Image of Dirk Tyteca working on bikes

Peloton: Classics Wrench - Dirk Tyteca

Note - this article is from Peloton Magazine - Words/Images: James Startt.

With more than three decades in the sport as a mechanic, it would be impossible to imagine how many wheels he has built, bikes he has serviced or kilometers he has driven in the team truck. But it is safe to say that Dirk Tyteca is one of the most experienced wrenches in the peloton today. And as a Belgian working for the Deceuninck-Quick Step team, the spring classics always hold a special place in his heart. Tyteca looks back on his years in the sport, the riders he has worked closest with and the challenges facing mechanics as they prepare for the world’s greatest classics.

Dirk, I have seen you at the races for not just years, but for decades. How long have you been a professional mechanic? Oh, it is 32 years now.

How did you get into wrenching? Were you a rider like many team mechanics or did you have a different path? Yes, I was a pretty good amateur and should have turned professional, but I had a big accident when a tractor rode over me in 1986 and that was pretty much the end of my career. I was actually scheduled to turn pro on a small Belgian team in May, but I had my accident in February and everything was over. I had already been working in a bike shop and then I started going to some races to help guys out and then finally teams asked me to go work with them. The first team was TeVe-Blad, a small Belgian team. But things happened very quickly after that. Then I got a job with Tulip Computers, my first big team, before I went to Telekom. I was there for 10 years, then I was at Lotto for three years and have been here for nine years now.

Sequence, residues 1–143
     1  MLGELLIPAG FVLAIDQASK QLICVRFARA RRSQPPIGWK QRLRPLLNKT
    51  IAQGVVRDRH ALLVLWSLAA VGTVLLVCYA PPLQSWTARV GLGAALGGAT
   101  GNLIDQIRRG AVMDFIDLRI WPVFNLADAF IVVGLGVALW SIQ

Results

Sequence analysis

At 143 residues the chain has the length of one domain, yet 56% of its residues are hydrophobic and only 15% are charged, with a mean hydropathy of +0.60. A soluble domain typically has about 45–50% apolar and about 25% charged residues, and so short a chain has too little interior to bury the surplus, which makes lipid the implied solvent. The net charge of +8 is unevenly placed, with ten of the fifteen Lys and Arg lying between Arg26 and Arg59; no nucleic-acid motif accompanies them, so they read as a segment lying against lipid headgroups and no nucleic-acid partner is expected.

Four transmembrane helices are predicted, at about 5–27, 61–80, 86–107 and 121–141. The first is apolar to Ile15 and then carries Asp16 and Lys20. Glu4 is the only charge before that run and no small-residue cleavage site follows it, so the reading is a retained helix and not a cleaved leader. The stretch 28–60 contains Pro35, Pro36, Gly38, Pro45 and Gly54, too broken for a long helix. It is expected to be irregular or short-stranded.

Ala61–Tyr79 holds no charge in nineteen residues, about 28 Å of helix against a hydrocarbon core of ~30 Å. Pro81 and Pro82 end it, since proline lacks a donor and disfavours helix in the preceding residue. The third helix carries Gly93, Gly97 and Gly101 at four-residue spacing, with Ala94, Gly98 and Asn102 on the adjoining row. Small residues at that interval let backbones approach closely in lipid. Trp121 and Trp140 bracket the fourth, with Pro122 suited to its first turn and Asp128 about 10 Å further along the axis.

Dirk uses Unior Bike Tools

Well, that definitely makes you one of the most experienced mechanics in the business. And as a Belgian I can only imagine that the spring classics are a huge part of the year for you. What are some of the greatest challenges as a mechanic in the classics? Well, the most challenging is Paris–Roubaix. You have to build special bikes, special wheels. We work very closely with Specialized to build the perfect frame for Roubaix and it really works well. But a lot of time goes into it. And it is challenging for the riders as well as us because they have very little time to set up rides with the bikes before the race. It’s very hectic and everything comes together in the last week. But all of the classics are tough. We prepare for months for the Flemish classics. For a race like Flanders for example, we will start in February. We might do 10 recons of the roads before the race. We are taking different riders out at different times, going over every detail. There are just so many small details. Probably the most important thing that we try to dial in with each rider is the tire pressure. It’s ever changing. It depends on each rider, on the road conditions, the weather. It’s crazy but it makes such a difference!